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The Band's masterpiece & contender for one of the...,
This review is from: The Band (Audio CD)
greatest albums of all time. The Band's second, eponymous album perfectly showcased both their musical tradition & their present/future tense informed by rock&roll. They would make some great tracks after this (Stagefright, The Shape I'm In, Don't Do It- see The Last Waltz Box-Set), but this was the most complete vision of the band called The Band.
The Band had moved from being 'The Hawks'to being Dylan's electric band (see 'Live 1966' & Robbie Robertson's contribution to Blonde on Blonde), to something that stemmed from the experimental-tradition of The Basement Tapes- songs like Bessie Smith, Katie's Been Gone & Yazoo Street Scandal heading in this direction. Parting from Dylan- though they did work with him again, to great effect on Planet Waves- they produced one of the finest debut albums of all time with Music from Big Pink. Here we had some of the leftover rock akin to I Believe in You & This Wheel's On Fire (To Kingdom Come, Chest Fever), but a more developed sound that took in a myriad of musical traditions. Witness such complex/fragile songs as In a Station, Tears of Rage & I'll Be Released (& don't forget the sublime joys of The Weight...). Music from Big Pink blew my mind when I heard it & I couldn't see how anything else by The Band could better it...
But I loved the cover to this, especially the picture of The Band on the back of the booklet- I was expecting more To Kingdom Come-style moments. But The Band, recording in Sammy Davis Jr's Hollywood-Home (in a studio they built for themselves), had left rock'n'roll behind- Robertson bored of guitar solos & looking toward a more subtle, multi-layered sound. Living in a world of their own, they capitalised on the rush of their initial work & created this. An album, that in time, has become one of my favourite releases & easily ranks up there with the best albums of all time (& is it a coincidence that it lives in a world of its own, a place where many of my fave albums stem from? Examples including Sulk, Don't Stand Me Down, Astral Weeks, Loveless, Zen Arcade, Station to Station...)
The 12 original tracks, 24-bit remastered, are supplemented by 7 bonus tracks: alternative takes of tracks like Rag Mama Rag (The Band's biggest UK Hit), Up On Cripple Creek & outtake Get Up Jake. But they aren't really needed, more of academic interest, an unrequired bonus- it's those 12 tracks that count...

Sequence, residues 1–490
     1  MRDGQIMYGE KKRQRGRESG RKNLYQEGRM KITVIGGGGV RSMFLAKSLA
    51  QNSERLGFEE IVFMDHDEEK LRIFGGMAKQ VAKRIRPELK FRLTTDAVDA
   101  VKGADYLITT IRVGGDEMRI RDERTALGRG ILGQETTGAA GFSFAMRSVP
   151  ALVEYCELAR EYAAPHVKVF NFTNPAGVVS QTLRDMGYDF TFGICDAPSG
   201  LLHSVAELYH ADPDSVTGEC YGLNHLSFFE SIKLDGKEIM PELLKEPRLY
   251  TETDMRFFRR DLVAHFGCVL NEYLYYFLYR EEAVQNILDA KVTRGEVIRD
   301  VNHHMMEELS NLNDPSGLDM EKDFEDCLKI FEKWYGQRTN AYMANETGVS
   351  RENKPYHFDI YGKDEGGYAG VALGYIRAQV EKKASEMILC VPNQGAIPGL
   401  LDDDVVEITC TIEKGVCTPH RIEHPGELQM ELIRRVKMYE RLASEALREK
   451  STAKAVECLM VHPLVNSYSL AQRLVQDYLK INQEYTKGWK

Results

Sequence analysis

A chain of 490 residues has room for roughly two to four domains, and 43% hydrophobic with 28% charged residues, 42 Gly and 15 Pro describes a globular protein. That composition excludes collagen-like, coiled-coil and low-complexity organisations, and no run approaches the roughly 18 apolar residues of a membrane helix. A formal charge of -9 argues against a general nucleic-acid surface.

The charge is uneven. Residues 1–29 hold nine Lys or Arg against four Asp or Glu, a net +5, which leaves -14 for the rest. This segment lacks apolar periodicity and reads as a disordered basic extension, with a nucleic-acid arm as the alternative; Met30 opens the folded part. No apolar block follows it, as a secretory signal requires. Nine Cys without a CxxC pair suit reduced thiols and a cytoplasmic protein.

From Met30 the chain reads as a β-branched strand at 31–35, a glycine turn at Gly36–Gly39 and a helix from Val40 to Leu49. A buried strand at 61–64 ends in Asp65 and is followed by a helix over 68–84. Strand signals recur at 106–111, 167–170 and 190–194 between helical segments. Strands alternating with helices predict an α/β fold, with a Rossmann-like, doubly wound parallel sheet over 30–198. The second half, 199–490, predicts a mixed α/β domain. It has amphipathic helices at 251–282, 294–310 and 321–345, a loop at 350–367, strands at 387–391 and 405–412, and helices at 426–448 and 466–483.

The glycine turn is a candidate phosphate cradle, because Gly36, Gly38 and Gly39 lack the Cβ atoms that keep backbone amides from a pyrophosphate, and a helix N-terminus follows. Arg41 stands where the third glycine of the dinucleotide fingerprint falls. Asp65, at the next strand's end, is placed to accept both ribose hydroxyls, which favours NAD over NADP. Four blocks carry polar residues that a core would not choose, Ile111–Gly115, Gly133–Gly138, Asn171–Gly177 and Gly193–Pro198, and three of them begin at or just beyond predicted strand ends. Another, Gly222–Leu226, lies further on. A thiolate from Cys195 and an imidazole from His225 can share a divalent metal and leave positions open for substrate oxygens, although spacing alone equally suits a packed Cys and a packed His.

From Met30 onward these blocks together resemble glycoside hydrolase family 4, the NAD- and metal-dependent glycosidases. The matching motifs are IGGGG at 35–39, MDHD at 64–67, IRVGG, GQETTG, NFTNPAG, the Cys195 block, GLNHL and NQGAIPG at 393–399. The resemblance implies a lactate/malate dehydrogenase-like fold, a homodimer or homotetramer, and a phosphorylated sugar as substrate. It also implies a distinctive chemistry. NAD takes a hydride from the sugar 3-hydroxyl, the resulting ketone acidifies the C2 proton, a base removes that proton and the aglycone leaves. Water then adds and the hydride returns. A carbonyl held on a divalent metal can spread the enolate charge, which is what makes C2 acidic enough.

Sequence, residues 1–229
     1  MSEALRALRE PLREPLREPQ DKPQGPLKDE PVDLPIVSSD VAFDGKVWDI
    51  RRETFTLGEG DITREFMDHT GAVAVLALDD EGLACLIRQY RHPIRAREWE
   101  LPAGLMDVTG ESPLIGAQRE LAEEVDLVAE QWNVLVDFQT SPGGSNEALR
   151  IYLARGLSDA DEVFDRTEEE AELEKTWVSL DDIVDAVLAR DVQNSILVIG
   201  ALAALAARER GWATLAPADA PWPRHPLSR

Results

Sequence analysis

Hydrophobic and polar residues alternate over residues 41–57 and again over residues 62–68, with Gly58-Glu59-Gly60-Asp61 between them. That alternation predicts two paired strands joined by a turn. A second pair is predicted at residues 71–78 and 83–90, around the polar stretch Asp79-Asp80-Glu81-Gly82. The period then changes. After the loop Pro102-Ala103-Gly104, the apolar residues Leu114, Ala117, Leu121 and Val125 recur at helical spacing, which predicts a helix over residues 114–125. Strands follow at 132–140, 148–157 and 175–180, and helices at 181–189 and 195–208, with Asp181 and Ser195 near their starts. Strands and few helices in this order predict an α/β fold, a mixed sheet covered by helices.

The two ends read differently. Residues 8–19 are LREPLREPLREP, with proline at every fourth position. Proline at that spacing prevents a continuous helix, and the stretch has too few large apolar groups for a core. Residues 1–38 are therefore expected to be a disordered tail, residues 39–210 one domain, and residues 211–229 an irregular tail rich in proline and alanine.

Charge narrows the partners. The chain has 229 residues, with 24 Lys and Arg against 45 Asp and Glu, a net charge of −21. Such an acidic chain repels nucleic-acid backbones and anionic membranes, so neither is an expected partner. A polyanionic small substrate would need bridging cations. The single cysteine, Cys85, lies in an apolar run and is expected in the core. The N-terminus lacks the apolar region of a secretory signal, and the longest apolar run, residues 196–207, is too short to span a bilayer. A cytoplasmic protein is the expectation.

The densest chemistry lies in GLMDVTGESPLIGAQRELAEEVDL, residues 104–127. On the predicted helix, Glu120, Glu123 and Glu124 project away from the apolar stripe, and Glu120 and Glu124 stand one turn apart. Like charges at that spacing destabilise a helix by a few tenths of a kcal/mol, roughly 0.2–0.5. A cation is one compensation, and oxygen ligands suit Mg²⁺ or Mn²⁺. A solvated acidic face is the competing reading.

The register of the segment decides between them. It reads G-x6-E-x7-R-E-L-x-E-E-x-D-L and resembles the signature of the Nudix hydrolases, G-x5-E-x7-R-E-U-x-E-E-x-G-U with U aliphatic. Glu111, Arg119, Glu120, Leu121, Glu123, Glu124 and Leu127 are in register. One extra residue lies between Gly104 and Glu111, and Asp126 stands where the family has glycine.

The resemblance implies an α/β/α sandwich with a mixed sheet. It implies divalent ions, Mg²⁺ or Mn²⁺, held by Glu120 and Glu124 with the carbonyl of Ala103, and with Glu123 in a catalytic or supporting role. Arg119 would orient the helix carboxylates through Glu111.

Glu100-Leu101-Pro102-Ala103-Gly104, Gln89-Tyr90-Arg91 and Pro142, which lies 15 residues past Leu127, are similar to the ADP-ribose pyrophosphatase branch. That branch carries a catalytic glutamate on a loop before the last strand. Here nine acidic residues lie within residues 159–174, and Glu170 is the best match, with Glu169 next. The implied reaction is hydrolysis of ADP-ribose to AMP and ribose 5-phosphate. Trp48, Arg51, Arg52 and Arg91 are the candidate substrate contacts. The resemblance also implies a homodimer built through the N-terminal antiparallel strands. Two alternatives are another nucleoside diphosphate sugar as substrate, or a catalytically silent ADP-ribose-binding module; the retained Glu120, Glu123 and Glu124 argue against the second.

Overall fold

I love all these songs, it's too hard to pick out highlights- The Night They Drove Old Dixie Down & Up on Cripple Creek are slightly obvious faves (the former repositions those views of the South; the latter has yodelling in! Really...) I love Whispering Pines, Richard Manuel sounding more morose than Neil Young & Mercury Rev combined- a swirling dreamlike vision, perfect for those bleak nights, when dawn refuses to come 'round & you have nowhere to go...Rockin' Chair is a gorgeous acoustic-based track, which perfectly fits between the more upbeat songs Jemima Surrender & Look Out Cleveland. But the motherlode is KIng Harvest (Has Surely Come), which tells the story of a man in an America past: a Union man. Richard Manuel sings the verses in that perfect voice of his, so warm & emotional, but it's Robbie Robertson's ideas regarding an odd rhythm & guitarwork influenced by Curtis Mayfield & Stevie Wonder that takes this song elsewhere (the rich organ from Garth Hudson also). Nothing sounds quite like this, it's a tragedy this has to end- along with In a Station & To Kingdom Come, it's my fave Band-song.
This album is great value at this budget price, one that was made out of time with the world it was in (look at these guys- not exactly the Strawberry Clock Band or whoever...)- so it has become perfectly timeless. An album that has to be owned & one that predicts the best Grateful Dead albums (Workingman's Dead, American Beauty) & REM's Fables of the Reconstruction. The Band's masterpiece & contender for one of the...